- A large conference room, with a big rectangular table.
- A giant one-way glass mirror covering one wall.
- The clients (or stakeholders) sit behind the glass and observe what people say.
Now, you could interchange this same scene and drop in a detective or police interviewing someone being investigated, and the setting would be the exact same backdrop (maybe with a smaller table).
Do you see where I’m going with this?
Having a giant mirror, where clients sit (unseen), watching is, well, uncomfortable. There’s no way around it. It’s not a natural setting for a group discussion. The whole scene screams “You’re being watched.”
The effect of observation on behavior
A funny thing happens when people know they’re being watched. Their behavior changes. (This is called Reactivity in Psychology.) And why should this concern those who are attempting to gather the research? Well, quite simply, because we want to understand how people respond and think when they’re relaxed and comfortable; when they’re not self-conscious.
Now, granted, some people can sit looking at a giant one-way mirror and not feel any different, but, as a moderator, I visibly see people relax when I tell them there is no one behind that mirror. We have a strict policy that clients are not allowed to sit behind the mirror observing.
But what about cameras?
Most of the focus groups and in-person interviews we do are recorded. We clearly explain to participants that they are being recorded so we don’t have to sit there taking notes the whole time, and though this may, too, slightly change their behavior, it’s a much-less conspicuous reminder that they’re being watched. And noted. And observed.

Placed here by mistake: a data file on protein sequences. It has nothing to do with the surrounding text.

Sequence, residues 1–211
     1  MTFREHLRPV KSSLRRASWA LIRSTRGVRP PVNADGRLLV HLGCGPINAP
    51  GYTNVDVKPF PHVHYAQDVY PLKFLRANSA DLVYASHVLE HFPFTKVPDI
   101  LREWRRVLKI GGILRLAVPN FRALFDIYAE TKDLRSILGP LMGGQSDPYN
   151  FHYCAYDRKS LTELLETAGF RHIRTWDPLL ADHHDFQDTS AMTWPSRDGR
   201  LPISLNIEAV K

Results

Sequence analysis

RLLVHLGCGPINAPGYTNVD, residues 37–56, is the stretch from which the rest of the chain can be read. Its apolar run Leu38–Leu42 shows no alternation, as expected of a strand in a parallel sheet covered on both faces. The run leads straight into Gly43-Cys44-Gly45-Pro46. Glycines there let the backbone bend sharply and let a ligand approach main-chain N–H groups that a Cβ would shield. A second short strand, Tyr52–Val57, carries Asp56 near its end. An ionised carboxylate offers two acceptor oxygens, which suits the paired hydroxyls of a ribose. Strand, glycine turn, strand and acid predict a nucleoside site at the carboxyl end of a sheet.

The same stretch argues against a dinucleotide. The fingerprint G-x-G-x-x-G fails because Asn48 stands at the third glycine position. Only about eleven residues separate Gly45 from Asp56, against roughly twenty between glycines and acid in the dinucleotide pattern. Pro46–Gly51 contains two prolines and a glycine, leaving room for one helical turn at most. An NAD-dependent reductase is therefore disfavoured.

If people object to the video recording, we’re happy to oblige and stick with audio so that we can produce transcripts. And if we ever feel that cameras are going to markedly influence the research process, we don’t have them present.
Why does this all matter?
At InterQ, we are psychologists as much as we are marketers and researchers. We’re seeking to have candid, open, honest discussions with people who fall into our clients’ demographics, and it’s our goal to have people enjoy these conversations, be completely honest, and let us into their worlds as much as possible. If they feel they are being interrogated, it changes the mood, and, correspondingly, they act differently. They often say what they think they’re supposed to say, instead of how they truly feel.
And that corrupts our research process.
So what’s the alternative to the one-way mirror?
We have nothing against focus group facilities; we work with them frequently, and they’re a vital part of our industry. However, whenever possible, we host groups at our office, in casual co-working spaces, or in the comfort of people’s homes or work settings (using mobile and in-person ethnographies). We believe in less “research groups” and more in “let’s have a conversation and get to know you.”
If you were a participant, which setting would you rather be in? That’s the criteria we use, every time.